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Prince Caspian by C. S. Lewis
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Member:meriadoc
Title:Prince Caspian
Authors:C. S. Lewis
Other authors:C. S. Lewis, Lynn Redgrave (Narrator)
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Rating:***1/2
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Prince Caspian by C. S. Lewis (1951)

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English (123)  Spanish (2)  Portuguese (Brazil) (1)  Dutch (1)  Italian (1)  All languages (128)
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Prince Caspian wasn't as good as the first book in the Narnia series. It was a little slow in parts, and the resolution was even simpler than in the previous book. However, it was still enjoyable most of the way through. ( )
  piersanti | Sep 28, 2014 |
Out of all the scenes in this book, the one that stands out to me is when the Pevensies realize where they are. I've always loved that scene without ever being able to place exactly why. This isn't my favorite book, because so much of it is back story, but it does have some of my favorite moments: Edmund's electric torch, Peter dueling Miraz, and Susan and Lucy's adventure with Aslan. ( )
  Stormydawnc | Jun 23, 2014 |
We are returning back to Narnia. Go off for adventure, go out for discovery: myth of all cultures. It is a story of Kings and Queens who had left there homeland (England), and found themselves in an Island called “Narnia”. It seemed to these four people that they have wake up from a legendary dream, and found themselves, with their luggage, “standing in a woody place which might be anywhere.” As if they were suspended and lost in “there was no land in sight and no clouds in describe.” From this point they started to explore the wood like hermits and knight-errant. There adventure began when “they all got up and began to follow the stream.” And the stream lead then to the Island.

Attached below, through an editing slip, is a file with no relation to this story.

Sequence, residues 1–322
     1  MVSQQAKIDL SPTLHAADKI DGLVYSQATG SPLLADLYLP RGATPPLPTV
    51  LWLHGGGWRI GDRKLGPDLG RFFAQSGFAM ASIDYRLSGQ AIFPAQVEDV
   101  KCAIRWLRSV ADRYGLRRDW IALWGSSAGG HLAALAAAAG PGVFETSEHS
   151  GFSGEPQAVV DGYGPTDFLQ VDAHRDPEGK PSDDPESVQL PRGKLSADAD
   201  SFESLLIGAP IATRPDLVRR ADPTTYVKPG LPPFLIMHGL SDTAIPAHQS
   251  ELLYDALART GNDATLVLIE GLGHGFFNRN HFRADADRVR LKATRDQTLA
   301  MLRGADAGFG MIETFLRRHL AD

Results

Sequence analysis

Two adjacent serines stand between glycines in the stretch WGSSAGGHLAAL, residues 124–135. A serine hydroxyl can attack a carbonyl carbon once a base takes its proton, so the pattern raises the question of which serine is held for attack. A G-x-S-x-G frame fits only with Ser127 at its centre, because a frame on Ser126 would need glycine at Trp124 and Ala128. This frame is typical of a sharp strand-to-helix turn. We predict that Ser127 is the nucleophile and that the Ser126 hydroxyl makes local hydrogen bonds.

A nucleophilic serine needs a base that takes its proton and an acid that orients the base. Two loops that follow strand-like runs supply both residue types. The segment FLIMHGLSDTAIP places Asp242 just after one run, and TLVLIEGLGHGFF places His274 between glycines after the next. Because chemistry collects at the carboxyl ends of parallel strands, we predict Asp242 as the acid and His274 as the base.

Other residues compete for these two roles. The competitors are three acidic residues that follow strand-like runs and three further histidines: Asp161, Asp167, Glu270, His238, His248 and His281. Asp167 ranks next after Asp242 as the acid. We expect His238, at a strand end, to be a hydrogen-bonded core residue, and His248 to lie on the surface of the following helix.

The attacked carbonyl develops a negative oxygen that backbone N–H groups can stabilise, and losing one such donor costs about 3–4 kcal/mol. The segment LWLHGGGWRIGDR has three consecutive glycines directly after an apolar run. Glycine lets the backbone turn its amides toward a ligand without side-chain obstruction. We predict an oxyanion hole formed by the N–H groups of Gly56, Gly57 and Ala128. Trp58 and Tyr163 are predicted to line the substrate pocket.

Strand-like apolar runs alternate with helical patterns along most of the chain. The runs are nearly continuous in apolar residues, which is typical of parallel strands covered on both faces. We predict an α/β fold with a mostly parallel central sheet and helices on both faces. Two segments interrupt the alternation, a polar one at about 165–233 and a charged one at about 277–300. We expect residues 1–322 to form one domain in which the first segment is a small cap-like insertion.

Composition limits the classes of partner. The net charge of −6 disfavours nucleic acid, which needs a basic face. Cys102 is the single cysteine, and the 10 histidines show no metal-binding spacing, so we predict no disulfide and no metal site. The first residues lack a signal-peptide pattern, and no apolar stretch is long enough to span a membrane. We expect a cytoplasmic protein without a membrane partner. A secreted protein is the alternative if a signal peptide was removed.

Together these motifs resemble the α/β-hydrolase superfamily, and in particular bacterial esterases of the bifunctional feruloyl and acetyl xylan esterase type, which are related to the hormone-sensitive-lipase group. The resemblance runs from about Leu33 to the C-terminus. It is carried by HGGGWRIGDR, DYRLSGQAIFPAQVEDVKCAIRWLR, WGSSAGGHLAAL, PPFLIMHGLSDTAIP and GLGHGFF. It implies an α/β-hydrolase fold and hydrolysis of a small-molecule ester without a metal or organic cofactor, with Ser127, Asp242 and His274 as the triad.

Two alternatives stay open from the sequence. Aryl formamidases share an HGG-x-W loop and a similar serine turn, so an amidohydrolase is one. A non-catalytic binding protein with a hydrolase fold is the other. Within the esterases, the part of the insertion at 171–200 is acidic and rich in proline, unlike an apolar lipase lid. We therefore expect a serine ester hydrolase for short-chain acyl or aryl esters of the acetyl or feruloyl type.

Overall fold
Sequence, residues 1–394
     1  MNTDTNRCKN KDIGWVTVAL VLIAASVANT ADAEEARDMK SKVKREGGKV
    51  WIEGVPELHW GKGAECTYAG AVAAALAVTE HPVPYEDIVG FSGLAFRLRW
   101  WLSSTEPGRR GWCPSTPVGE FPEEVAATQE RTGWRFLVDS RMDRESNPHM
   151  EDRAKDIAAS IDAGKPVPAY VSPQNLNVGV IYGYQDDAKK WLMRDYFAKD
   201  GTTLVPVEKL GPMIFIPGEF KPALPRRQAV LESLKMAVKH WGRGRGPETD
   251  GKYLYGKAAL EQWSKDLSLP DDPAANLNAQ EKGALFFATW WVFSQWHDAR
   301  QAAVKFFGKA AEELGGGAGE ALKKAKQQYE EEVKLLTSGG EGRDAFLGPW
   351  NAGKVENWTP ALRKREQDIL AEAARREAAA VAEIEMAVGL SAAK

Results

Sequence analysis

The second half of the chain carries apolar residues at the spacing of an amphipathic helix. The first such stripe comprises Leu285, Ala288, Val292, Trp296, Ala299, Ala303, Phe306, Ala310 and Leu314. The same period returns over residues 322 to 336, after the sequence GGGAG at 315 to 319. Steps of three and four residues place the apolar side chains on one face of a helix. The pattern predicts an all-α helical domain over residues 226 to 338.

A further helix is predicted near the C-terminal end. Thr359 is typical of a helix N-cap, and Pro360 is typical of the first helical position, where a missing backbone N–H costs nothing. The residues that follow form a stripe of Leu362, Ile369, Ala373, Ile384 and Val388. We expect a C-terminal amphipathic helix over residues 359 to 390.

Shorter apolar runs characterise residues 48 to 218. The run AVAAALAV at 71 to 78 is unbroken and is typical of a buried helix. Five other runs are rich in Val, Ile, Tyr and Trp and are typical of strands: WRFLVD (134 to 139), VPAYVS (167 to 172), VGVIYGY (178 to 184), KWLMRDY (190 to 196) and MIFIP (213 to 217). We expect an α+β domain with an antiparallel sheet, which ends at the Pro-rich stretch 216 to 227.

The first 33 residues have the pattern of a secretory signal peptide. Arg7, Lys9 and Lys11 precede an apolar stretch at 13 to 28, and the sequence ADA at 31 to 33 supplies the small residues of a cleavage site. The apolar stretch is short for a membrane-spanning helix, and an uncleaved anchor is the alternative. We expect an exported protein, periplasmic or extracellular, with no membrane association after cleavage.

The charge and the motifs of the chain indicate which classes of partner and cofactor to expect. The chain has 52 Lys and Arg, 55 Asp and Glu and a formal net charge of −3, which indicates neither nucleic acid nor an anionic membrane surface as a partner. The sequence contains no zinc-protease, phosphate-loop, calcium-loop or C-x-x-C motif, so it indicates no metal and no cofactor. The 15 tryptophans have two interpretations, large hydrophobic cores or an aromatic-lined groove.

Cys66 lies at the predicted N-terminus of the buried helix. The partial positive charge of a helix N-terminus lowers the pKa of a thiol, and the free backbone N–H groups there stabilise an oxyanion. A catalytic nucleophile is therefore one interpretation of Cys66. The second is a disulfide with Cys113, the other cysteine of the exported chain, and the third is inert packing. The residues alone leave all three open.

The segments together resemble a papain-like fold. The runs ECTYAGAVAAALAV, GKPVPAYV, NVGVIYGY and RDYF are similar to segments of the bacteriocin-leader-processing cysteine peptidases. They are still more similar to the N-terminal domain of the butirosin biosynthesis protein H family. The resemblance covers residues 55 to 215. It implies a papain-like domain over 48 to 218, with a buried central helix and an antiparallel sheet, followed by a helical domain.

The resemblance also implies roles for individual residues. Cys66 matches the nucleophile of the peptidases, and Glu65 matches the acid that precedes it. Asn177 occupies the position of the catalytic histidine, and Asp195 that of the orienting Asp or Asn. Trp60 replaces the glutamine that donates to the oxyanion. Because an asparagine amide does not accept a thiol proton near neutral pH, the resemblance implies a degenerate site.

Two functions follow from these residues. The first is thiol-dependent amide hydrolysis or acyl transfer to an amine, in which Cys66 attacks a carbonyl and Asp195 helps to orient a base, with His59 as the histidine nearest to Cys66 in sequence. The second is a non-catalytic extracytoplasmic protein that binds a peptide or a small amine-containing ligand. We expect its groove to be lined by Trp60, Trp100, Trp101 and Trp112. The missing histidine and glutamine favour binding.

The story began when four children – two kings and two queens- get together, and decided to go off for an ages, and found themselves in an empty, sleepy, country station.in fact “the four children, holding hands and banting, found themselves standing in woody place. Suddenly they found themselves in a shore which was nearer to the opposite shore. That’s how they found themselves on an Island. While they were in the Island, they have to explore it and they have a manage to find a food – despite the view sandwiches they had. That is how “they talked about there plans for the next meal.” The only way to do that is to look in the sea. At this point they didn’t have any stroke of lack to find shrimps because “they couldn’t remember having seen any eggs and wouldn’t be able to cook them; and the only choice for them is to transform themselves into Hermits and Knights-errant. They followed the stream until Lucy exclaimed: themselves in an orchard surrounding with “an old stone wall” in “an inhabited Island.” That’s how they found themselves in a castle.